The values of the French Revolution – freedom, equality, solidarity – have inspired all of the liberal democratic states that exist today, as well as a tattoo I’ve planned for my left deltoid. These are the founding principles of the United States’ constitution and sometimes even underpin the decisions made by our legislators and policymakers.
Philosophers in the liberal tradition posit a tension between freedom and equality. If we are totally free, the logic goes, then some people will amass more wealth, power, and status to dominate those with less. If we insist on total equality, then we will have to develop repressive state apparatuses to secure it, and these will compromise individual freedom. Milton Friedman, neoliberal capitalist par excellence, put it this way: “In my opinion, a society that aims for equality before liberty will end up with neither equality nor liberty. A society that aims first for liberty will not end up with equality, but it will end up with a closer approach to equality than any other kind of system that has ever been developed.” For many philosophers in the liberal tradition, the challenge is to introduce some restrictions on freedom and to make some compromises on equality; the liberal nation-state is the most common instantiation of this solution.
In schools and school policies, these values can also come into apparent conflict. School choice is a notable example: when families are allowed to move their student to any school of their choice within a district, schools become more segregated. Resources such as advanced placement classes, experienced teachers, and discretionary funds tend to become concentrated in schools whose students are on average wealthier and whiter. In these cases, districts are prioritizing freedom over equality. The tension between freedom and equality can also arise within a school. Policies such as school uniforms, which limit students’ freedom, are often justified on the (often tenuous) grounds that they diminish class distinctions. Whether or not this rationale is given in good faith, a school with this policy seems to prioritize equality over freedom.
Anarchist theorists challenge the assumption that freedom and equality stand in opposition. Sticking to the same set of core values that undergird liberalism – freedom, equality, and solidarity – anarchist theorists argue that one’s freedom is not only compatible with, but contingent on, the freedom of others. In 1871, Anarchist philosopher Mikhail Bakunin put it this way: “I am truly free only when all human beings, men and women, are equally free. The freedom of other men, far from negating or limiting my freedom, is, on the contrary, its necessary premise and confirmation. It is the slavery of other men that sets up a barrier to my freedom” (Bakunin). As a social creature, I cannot be truly free unless we are equals, because relations of dominance impede our ability to live in solidarity and thus become our full selves.
Other thinkers outside the anarchist tradition have articulated this idea in other ways. Paulo Friere theorizes that oppression compromises the humanity not only of the oppressed, but also the oppressor (Freire). bell hooks’ aspirational vision of ‘beloved community’ is founded on the racial and economic equality of its members; white people and people of color are only able to become their full selves and find real companionship with each other when they commit to work against white supremacy (hooks). The oft-quoted phrase usually attributed to Lilla Watson sums up the interdependence of liberal values most succinctly: “If you have come here to help me, you are wasting your time. But if you have come because your liberation is bound up with mine, then let us work together” (Aboriginal activists group, Queensland, 1970s).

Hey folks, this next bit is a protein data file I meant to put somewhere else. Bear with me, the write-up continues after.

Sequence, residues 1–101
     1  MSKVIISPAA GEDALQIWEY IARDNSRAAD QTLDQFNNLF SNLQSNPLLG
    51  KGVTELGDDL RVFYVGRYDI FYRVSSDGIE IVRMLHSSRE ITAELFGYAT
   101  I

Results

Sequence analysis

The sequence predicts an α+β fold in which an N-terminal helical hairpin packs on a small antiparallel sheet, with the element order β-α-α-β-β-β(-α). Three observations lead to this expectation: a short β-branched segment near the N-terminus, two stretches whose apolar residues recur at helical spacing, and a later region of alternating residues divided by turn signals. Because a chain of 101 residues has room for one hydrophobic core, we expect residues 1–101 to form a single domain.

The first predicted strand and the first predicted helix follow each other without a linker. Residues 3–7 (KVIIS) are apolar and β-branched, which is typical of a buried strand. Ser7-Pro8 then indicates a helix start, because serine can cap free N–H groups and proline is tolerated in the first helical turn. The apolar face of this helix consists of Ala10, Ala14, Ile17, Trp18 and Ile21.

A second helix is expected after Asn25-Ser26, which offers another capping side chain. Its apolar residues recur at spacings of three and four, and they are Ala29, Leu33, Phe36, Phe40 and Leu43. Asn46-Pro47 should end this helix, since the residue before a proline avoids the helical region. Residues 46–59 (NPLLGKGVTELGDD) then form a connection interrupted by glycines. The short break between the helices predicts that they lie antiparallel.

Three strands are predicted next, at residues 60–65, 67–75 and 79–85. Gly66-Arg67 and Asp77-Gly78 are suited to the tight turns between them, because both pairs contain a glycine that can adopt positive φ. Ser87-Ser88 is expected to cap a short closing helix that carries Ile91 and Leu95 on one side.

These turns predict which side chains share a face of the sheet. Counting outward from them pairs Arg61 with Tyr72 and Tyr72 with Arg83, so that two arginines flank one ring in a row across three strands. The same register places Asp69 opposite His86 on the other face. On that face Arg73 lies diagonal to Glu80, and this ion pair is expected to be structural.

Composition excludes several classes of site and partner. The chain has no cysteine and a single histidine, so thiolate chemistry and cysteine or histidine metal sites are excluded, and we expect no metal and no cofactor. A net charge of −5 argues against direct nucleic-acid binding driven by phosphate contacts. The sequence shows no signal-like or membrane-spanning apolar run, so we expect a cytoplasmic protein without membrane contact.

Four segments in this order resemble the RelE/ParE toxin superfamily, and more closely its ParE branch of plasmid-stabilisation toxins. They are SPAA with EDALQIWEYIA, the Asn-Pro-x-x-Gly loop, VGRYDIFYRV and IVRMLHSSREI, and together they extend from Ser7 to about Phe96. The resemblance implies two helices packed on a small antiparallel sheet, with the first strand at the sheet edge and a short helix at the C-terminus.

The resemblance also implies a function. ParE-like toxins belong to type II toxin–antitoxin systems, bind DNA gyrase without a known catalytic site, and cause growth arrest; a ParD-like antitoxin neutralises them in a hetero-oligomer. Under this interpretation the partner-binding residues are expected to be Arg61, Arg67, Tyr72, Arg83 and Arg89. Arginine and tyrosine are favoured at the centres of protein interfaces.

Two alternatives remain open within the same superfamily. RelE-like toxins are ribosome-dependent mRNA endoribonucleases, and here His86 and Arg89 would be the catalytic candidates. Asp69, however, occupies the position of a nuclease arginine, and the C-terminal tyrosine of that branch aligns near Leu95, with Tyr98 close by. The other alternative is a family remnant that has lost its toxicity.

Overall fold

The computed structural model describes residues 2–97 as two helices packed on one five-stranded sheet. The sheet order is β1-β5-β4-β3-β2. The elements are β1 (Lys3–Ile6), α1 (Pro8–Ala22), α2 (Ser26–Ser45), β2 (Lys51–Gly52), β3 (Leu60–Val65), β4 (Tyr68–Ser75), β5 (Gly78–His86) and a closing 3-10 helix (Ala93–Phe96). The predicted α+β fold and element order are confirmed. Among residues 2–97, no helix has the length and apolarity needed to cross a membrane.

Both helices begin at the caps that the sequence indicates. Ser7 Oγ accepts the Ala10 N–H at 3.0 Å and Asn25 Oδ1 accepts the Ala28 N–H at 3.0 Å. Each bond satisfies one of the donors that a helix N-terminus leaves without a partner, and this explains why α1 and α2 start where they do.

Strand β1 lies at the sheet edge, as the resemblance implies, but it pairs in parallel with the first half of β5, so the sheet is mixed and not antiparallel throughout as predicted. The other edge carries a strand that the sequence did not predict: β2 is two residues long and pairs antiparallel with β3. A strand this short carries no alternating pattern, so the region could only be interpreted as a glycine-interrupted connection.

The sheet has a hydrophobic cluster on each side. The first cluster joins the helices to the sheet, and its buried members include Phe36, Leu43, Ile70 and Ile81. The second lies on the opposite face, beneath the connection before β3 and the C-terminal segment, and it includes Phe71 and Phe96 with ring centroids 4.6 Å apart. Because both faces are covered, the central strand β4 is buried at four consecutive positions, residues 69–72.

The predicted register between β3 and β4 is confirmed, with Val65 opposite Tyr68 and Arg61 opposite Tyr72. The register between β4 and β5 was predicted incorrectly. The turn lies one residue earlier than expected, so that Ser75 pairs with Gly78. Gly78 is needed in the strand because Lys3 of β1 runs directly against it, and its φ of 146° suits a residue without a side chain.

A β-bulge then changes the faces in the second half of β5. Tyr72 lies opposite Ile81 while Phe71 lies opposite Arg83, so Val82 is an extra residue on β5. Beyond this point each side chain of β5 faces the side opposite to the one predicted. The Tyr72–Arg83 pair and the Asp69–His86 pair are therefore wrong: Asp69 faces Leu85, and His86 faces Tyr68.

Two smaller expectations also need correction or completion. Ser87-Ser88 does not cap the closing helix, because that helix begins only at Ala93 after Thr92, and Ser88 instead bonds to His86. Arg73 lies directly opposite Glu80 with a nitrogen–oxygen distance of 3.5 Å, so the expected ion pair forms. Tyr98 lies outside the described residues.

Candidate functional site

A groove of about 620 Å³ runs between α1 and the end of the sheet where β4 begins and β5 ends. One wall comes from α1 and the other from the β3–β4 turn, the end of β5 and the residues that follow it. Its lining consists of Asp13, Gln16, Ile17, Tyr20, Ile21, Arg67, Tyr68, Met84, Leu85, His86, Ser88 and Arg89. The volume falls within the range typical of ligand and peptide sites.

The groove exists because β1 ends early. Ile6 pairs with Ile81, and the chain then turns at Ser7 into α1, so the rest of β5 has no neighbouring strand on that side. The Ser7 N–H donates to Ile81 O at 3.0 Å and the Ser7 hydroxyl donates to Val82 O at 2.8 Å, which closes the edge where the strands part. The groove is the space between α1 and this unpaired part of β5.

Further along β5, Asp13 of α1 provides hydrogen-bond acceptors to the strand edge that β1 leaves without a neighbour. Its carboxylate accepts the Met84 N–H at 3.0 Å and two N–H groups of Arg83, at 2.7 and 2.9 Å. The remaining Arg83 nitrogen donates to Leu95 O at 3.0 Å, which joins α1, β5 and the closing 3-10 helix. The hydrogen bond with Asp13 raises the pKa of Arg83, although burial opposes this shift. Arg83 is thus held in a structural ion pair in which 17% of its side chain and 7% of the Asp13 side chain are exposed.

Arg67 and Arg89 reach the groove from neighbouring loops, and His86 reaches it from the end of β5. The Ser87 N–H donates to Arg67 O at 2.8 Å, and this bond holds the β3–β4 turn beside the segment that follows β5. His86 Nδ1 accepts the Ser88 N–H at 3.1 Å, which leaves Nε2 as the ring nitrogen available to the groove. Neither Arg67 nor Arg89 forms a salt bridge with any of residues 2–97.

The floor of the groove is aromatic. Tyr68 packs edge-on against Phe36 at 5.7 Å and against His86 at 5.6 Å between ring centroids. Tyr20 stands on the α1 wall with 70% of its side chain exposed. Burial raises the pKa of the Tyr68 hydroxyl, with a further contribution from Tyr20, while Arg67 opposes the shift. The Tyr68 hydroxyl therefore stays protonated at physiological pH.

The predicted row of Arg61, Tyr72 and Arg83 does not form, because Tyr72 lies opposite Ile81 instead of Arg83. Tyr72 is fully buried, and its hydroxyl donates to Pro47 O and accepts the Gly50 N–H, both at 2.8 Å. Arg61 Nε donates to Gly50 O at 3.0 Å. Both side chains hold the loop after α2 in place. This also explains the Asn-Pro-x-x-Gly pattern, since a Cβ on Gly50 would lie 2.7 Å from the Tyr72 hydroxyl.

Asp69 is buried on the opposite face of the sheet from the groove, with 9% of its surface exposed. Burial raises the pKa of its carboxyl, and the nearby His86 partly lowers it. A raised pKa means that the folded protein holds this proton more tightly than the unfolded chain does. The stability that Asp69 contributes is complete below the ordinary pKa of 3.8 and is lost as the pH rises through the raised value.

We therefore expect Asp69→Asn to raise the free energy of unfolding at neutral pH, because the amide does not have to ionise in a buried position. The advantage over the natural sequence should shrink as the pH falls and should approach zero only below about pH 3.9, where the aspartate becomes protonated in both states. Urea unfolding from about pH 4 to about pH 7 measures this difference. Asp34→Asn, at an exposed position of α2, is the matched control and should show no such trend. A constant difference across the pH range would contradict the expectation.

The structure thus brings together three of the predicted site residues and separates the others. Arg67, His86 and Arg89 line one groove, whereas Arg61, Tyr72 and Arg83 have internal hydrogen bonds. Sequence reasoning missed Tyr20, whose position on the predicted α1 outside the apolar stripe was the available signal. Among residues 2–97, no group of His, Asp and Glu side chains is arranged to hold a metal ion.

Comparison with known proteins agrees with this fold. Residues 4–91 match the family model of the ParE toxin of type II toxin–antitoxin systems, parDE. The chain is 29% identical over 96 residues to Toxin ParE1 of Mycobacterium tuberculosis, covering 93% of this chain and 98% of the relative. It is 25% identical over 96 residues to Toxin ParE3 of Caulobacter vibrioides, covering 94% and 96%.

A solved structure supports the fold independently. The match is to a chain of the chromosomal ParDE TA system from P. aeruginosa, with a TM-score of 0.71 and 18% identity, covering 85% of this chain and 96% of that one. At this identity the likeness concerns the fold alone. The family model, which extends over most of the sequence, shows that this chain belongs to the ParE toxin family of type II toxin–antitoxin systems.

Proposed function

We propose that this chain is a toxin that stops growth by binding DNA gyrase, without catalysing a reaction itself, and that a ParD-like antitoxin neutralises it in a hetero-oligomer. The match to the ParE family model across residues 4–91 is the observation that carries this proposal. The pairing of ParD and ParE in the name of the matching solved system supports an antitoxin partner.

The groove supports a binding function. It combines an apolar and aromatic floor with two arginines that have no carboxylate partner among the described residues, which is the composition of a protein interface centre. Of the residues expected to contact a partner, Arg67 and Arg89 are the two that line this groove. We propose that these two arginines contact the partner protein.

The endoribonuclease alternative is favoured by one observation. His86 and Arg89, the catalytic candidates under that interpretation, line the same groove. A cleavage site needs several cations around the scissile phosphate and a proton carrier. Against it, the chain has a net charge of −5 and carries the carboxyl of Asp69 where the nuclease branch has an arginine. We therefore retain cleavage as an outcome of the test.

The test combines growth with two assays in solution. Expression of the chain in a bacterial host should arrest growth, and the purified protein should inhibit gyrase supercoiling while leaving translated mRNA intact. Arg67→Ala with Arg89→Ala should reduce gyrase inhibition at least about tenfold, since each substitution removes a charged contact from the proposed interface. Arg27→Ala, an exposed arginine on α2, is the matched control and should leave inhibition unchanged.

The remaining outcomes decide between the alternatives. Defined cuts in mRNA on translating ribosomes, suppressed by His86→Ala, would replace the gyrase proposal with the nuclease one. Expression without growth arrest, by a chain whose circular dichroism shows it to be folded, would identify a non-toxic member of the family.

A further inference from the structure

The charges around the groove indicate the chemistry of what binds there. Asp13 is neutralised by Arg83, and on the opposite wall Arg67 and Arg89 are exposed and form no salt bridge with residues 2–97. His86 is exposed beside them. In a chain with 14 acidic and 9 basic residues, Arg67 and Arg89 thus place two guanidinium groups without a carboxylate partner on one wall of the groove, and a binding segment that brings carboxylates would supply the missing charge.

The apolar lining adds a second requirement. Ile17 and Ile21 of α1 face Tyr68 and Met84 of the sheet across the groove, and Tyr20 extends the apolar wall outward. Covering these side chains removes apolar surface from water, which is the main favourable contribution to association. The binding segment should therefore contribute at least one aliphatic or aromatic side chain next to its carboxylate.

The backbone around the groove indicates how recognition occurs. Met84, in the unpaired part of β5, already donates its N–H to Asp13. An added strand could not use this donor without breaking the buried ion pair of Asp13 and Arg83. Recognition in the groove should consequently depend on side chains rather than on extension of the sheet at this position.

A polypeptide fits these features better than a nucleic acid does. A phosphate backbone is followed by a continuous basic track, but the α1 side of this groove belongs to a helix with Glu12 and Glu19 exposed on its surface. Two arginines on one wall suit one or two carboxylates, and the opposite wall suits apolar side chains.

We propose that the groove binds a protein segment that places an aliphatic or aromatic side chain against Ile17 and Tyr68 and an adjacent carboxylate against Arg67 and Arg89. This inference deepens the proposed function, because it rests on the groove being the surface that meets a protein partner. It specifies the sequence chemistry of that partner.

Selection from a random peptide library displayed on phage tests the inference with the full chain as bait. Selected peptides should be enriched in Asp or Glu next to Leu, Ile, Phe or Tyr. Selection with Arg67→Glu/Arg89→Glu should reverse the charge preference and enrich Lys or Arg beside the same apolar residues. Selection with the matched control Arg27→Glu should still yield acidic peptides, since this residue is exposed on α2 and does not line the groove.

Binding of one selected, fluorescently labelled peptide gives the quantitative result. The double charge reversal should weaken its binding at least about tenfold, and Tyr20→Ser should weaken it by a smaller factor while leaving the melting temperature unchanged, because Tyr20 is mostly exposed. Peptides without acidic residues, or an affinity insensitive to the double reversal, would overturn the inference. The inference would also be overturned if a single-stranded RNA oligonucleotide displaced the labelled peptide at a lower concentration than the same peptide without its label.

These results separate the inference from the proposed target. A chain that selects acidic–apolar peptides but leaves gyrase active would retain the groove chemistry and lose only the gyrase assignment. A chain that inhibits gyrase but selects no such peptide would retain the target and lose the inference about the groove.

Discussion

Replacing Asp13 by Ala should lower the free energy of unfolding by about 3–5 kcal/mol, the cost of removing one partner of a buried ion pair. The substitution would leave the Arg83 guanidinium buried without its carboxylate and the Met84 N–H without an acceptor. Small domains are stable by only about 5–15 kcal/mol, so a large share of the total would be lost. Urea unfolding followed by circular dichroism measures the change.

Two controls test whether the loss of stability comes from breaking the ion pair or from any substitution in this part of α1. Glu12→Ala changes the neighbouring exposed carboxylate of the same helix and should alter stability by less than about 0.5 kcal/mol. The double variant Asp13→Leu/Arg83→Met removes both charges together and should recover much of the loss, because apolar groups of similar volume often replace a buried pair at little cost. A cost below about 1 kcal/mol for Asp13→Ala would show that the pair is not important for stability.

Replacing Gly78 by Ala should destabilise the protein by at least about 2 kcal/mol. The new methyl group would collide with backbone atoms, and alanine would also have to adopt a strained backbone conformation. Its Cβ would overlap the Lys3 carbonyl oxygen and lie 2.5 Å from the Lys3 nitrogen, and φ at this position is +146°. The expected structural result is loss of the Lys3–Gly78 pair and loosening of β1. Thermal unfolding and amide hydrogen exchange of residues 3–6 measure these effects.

There is power in asserting that freedom, equality, and solidarity strengthen each other and that we need not compromise one of our core values for another. This is a window into a world where we can do away with hierarchies that reinforce inequalities or limit peoples’ freedoms. It is the utopian belief that we can live together with others, invested in their freedom as we are in our own – that we can build a beloved community.
The real challenge is making this work in practice. Many radical education communities negotiate the relationship between freedom and equality on different terms than their traditional counterparts. But radical educational communities do at times run into apparent tensions between these principles. The way that they choose to resolve them provides a window into the complexity of self-governing communities and the difficulty and possibility of living out their principles. Observing and documenting this process will be one of my research goals in the coming months.
Bakunin, Mikhail. About Freedom. 1871, https://www.panarchy.org/bakunin/freedom.html.
Freire, Paulo. Pedagogy of the Oppressed. 30th anniversary ed, Continuum, 2000.
hooks, bell. Teaching Community: A Pedagogy of Hope. Routledge, 2003.
Milton Friedman vs Free Lunch Advocate – YouTube. https://www.youtube.com/watch?v=9Qe7fLL25AQ. Accessed 24 Aug. 2019.
“Studies Show School Choice Widens Inequality: Popular Among Parents, But Little Evidence That Children Learn More.” Harvard Graduate School of Education, https://www.gse.harvard.edu/news/95/07/studies-show-school-choice-widens-inequality-popular-among-parents-little-evidence. Accessed 24 Aug. 2019.
Whitehurst, Grover J. “Russ.” “New Evidence on School Choice and Racially Segregated Schools.” Brookings, 14 Dec. 2017, https://www.brookings.edu/research/new-evidence-on-school-choice-and-racially-segregated-schools/.